At 10:52 AM 5/11/99 -0600, David Musick wrote:
>Providing one's physical needs is actually quite easy. I have lived on
>about $600 a month for the past few years, and I have lived quite
>comfortably. This level of income is well into the "poverty" level, yet
>I am not impoverished. This is why I say there are enough resources in
>the world to provide for everyone's basic physical needs. Nearly
>everyone can earn at least $600 a month.
Okay. So it is trivial for people to earn the money required to provide their basic needs. I'll agree with this.
>Of course, our physical needs are the easiest needs to fulfill, and they
>can be provided by others for free. Emotional, Intellectual and
>Spiritual needs cannot be given for free; they must be developed by
>individuals themselves, with some support from those around them.
Wait just a minute. "...and they can be provided by others for free."
Who is "they"? So I have to earn $1200 a month, $600 for my "basic needs" and $600 for someone else's basic needs? How is this supposed to work? Thanks, but no thanks; I'd just as soon sit around the house and have my "basic needs" provided for free. Same benefits, but a lot less work. "Free" as in "free beer" is an invalid economic construct anyway.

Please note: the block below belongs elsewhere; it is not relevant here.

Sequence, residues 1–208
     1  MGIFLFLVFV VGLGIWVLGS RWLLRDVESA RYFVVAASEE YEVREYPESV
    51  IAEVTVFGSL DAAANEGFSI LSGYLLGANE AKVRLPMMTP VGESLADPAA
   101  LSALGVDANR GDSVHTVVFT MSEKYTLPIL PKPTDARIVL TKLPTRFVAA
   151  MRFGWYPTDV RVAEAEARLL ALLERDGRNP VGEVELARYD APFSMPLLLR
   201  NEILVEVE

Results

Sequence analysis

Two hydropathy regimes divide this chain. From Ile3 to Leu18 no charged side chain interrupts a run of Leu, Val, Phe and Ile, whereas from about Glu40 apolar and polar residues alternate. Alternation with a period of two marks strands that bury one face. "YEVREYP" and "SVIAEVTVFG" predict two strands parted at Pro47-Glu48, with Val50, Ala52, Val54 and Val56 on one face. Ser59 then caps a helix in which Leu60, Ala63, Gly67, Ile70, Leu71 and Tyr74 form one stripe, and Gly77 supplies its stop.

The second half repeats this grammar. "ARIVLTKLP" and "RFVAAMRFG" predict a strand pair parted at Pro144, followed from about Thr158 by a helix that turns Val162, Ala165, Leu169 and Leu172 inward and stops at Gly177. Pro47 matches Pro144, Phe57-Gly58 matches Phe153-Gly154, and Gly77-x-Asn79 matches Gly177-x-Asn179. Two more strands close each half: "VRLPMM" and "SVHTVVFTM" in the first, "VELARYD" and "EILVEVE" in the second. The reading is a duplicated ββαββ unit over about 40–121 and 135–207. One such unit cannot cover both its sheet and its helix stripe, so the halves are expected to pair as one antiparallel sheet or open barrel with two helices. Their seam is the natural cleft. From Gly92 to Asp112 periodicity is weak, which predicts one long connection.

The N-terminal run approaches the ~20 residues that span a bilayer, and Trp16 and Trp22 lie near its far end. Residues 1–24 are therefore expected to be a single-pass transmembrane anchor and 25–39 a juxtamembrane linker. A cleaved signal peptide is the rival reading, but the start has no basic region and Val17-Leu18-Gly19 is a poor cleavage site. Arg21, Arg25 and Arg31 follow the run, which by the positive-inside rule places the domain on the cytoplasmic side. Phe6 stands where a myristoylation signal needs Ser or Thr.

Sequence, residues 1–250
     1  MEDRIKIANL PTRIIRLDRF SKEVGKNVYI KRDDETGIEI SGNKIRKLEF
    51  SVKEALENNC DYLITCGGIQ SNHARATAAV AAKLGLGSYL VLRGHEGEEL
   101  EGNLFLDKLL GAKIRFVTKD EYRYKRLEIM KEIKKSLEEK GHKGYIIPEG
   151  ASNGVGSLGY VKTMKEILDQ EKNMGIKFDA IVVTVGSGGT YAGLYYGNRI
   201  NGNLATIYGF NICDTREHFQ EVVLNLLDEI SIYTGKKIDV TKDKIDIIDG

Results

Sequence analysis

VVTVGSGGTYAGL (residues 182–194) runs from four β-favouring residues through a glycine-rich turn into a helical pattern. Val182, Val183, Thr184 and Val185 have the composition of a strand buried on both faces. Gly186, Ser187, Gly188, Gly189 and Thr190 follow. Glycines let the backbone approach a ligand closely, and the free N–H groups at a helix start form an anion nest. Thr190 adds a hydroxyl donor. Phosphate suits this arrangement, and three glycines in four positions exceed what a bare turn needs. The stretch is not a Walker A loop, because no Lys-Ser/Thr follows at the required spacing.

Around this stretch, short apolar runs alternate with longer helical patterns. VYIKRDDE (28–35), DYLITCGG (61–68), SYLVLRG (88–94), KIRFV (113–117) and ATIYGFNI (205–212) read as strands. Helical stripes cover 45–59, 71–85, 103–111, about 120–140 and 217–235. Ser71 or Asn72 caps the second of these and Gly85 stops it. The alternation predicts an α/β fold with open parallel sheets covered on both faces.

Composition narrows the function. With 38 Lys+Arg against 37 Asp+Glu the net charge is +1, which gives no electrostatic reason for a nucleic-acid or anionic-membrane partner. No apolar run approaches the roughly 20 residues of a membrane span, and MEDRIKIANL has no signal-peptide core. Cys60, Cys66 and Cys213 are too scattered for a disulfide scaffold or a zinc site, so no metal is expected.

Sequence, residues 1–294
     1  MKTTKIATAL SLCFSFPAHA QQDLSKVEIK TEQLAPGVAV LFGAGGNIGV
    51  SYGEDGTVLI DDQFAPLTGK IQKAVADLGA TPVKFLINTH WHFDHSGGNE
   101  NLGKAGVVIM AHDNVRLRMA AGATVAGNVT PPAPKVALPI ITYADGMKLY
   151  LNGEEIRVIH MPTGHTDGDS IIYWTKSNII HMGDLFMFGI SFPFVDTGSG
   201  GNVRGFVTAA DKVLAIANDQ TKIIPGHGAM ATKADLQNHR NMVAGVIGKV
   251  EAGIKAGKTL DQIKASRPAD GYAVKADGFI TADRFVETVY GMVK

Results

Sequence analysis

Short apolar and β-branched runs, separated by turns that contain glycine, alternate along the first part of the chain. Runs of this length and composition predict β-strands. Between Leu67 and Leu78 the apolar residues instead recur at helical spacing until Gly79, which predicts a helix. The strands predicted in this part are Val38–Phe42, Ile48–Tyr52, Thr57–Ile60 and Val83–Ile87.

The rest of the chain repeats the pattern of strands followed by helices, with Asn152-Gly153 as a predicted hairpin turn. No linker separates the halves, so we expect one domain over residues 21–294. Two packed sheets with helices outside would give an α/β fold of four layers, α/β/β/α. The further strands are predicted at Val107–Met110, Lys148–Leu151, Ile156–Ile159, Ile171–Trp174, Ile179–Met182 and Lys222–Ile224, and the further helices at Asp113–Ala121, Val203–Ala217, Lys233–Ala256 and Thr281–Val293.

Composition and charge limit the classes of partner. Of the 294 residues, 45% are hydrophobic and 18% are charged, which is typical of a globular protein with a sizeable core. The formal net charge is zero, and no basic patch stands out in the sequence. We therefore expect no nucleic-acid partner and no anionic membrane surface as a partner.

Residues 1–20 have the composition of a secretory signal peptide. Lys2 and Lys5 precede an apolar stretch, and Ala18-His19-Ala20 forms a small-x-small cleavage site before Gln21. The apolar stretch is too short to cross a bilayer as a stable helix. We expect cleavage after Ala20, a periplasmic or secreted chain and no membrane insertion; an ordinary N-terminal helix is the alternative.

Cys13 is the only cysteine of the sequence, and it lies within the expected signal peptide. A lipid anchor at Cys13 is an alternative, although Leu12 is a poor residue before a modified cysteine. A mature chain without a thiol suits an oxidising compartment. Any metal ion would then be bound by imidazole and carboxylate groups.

If earning the money required for a persons basic needs is so trivial, then I can't fathom why anyone else should be allowed to take the money I earn. Additionally, if the number of people who can't provide for themselves is so small, I would expect that charity and altruism would pick up the slack more than adequately.
How does your idea fit into the real world? Can you resolve the disparity between the number of people who can't provide their own basic needs and the number of people who *choose* not to? This disparity is the downfall of most forms of socialism.
-James Rogers (who already has more than half his earnings "provided for